'NCEA is a failed experiment', teacher says
Would you give NCEA top marks or put it bottom of the class?
I am a recently retired teacher with 40 years' experience. Since my retirement in 2013, I have done some long-term relief work in various schools with various decile ratings throughout the country, because my subject area, mathematics, has a massive shortage in qualified, experienced teachers.
I was on the National Executive of the Mathematics Association for eight years. I have attended and presented at numerous conferences. I was on the panel that first looked at the new curriculum, one of only three practising teachers on that panel. I have set, marked and moderated national examinations, up to scholarship level.
I mention all this at the start to show that I have more than a little experience and knowledge of this topic.
NCEA is a failed experiment. It is meant to be a standards-based assessment, but the standards are norm-referenced so that if the teachers do a better job, the pass rates do not change.
I know of one standard in mathematics where a skill that was excellence in the first year, is now an achieved skill.
The standards themselves are poorly written. There is not enough detail in the standards for a teacher to know exactly what skills are required for each level of achievement, and so there can be up to five other documents that have to be read, in conjunction with standard, to provide the necessary clarity.
Changes to these additional documents are often subtle, and not well-publicised, so teachers are continually having to check on the web to see if the standard is the same at the end of the year as it was at the start when planning was done.
While the external assessments are consistent throughout the country, the internal assessments have almost no National Standard at all.
There is a massive disparity in the standard of work required by different schools, particularly in, but not confined to, some of the new statistics standards.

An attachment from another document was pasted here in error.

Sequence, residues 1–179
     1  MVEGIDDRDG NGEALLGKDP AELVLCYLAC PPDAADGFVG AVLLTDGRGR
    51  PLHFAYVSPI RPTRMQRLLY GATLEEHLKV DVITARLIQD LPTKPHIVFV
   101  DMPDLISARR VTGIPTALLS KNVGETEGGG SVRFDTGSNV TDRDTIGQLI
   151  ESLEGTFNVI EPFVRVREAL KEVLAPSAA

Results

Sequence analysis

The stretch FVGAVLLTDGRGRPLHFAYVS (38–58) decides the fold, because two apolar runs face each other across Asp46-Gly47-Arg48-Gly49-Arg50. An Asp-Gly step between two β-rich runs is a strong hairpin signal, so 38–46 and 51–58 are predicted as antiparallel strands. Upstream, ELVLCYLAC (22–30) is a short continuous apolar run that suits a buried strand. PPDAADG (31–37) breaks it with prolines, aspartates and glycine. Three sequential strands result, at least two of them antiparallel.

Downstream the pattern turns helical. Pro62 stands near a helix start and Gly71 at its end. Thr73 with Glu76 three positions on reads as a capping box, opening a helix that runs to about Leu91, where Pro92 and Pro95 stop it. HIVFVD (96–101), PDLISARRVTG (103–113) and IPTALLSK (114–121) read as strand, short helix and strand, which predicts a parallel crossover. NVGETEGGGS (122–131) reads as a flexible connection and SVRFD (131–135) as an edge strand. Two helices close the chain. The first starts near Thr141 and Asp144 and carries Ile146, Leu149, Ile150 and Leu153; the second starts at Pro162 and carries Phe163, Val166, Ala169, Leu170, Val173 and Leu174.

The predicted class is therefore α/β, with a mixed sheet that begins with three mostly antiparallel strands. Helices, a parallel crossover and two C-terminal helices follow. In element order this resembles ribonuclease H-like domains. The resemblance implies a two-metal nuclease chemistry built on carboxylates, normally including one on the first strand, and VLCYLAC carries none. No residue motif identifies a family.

NCEA does not allow an assessment that uses skills from multiple areas of a subject to make a practical assessment that allows a student to show genuine problem-solving skills.
This artificial breaking of my subject into chunks that stand independently is an absolute travesty of what mathematics is meant to be about. It means that in new subjects, like agribusiness, standards must be 90 per cent different from any existing agriculture or economics standard, even though the subject is a combination of the two.
Why is the system continuing unchecked and unchanged? Because staff at NZQA have greater vested interest in maintaining their personal beliefs, over the vested interest of the teachers who want to give their students the best possible skills and qualifications to succeed in the world outside of school.
I am not aware of any other country where the curriculum arm of education (the Ministry of Education) and the assessment arm (NZQA) are two separate entities, each with their own bureaucracy and highly-paid executives, competing for money and passing problems between them without either taking responsibility.
I will miss my colleagues. I will most of the students I gave taught. I will not miss the academic drivel that is passed off as rigorous assessment, that is NCEA.
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